UBC Theses and Dissertations
Reliable high-throughput FPGA interconnect using source-synchronous surfing and wave pipelining Teehan, Paul Leonard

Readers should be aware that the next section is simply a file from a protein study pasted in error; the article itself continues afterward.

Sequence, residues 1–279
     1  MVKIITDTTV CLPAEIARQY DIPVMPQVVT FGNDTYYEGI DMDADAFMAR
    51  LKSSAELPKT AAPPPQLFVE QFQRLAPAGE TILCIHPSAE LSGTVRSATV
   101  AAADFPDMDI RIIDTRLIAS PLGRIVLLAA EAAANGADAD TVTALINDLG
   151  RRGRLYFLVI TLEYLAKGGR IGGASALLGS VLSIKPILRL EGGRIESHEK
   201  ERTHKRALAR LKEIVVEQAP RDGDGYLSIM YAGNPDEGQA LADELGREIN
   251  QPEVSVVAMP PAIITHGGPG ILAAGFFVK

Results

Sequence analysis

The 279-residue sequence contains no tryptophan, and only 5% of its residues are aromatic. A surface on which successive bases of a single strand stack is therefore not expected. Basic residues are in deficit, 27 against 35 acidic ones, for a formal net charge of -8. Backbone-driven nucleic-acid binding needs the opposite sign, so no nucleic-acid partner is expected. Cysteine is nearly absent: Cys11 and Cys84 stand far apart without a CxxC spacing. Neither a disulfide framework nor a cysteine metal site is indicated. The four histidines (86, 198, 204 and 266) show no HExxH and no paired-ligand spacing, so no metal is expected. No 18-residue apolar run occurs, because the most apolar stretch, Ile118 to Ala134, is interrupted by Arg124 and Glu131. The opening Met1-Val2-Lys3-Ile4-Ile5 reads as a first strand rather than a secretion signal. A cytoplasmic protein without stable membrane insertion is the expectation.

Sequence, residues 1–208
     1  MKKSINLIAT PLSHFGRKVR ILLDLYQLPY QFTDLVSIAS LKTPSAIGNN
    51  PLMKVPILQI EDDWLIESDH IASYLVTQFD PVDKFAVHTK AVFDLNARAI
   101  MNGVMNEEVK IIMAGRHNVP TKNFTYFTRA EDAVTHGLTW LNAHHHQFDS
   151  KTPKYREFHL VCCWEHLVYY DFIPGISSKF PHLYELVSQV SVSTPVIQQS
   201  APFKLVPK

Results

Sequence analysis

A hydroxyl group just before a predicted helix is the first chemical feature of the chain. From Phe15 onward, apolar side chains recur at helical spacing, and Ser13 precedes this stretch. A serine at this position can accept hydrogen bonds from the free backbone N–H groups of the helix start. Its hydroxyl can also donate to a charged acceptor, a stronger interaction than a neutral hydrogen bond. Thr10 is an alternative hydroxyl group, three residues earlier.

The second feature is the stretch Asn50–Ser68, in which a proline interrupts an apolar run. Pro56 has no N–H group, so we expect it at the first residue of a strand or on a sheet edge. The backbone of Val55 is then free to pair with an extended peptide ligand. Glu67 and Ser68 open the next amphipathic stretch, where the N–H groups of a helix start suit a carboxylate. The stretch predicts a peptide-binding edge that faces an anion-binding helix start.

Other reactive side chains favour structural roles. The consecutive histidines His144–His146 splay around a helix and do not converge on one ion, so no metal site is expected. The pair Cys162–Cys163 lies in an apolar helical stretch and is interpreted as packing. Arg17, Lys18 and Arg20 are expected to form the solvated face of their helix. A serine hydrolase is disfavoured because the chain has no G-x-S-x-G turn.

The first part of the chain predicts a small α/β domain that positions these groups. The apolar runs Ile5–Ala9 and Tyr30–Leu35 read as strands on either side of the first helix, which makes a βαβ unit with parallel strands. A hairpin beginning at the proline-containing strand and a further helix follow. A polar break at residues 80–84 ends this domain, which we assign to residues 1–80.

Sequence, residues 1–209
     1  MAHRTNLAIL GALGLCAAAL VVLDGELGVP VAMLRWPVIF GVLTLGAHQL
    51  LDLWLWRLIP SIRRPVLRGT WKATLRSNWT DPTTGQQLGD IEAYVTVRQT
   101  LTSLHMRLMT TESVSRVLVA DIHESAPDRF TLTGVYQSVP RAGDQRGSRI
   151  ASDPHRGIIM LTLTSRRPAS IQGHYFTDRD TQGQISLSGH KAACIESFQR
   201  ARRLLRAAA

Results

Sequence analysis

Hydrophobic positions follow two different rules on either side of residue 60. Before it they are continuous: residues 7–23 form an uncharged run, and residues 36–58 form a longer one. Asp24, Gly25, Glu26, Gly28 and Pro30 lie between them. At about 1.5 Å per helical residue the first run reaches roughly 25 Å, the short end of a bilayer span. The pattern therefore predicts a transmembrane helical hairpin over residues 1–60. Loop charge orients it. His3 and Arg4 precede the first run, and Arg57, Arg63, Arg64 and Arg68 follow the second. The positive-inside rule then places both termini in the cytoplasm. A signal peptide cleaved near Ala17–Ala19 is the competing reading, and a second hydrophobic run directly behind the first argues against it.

FPGA clock frequencies are slow enough that only a fraction of the interconnect’s bandwidth is used. By exploiting this bandwidth, the transfer of large amounts of data can be greatly accelerated. Alternatively, it may also be possible to save area on fixed-bandwidth links by using on-chip serial signaling. For datapath-intensive designs which operate on words instead of bits, this can reduce wiring congestion as well. This thesis proposes relatively simple circuit-level modifications to FPGA interconnect to enable high-bandwidth communication. High-level area estimates indicate a potential interconnect area savings of 10 to 60% when serial links are used. Two interconnect pipelining techniques, wave pipelining and surfing, are adapted to FPGAs and compared against each other and against regular FPGA interconnect in terms of throughput, reliability, area, power, and latency. Source-synchronous signaling is used to achieve high data rates with simple receiver design. Statistical models for high-frequency power supply noise are developed and used to estimate the probability of error of wave pipelined and surfing links as a function of link length and operating speed. Surfing is generally found to be more reliable and less sensitive to noise than wave pipelining. Simulation results in a 65nm process demonstrate a throughput of 3Gbps per wire across a 50-stage, 25mm link.
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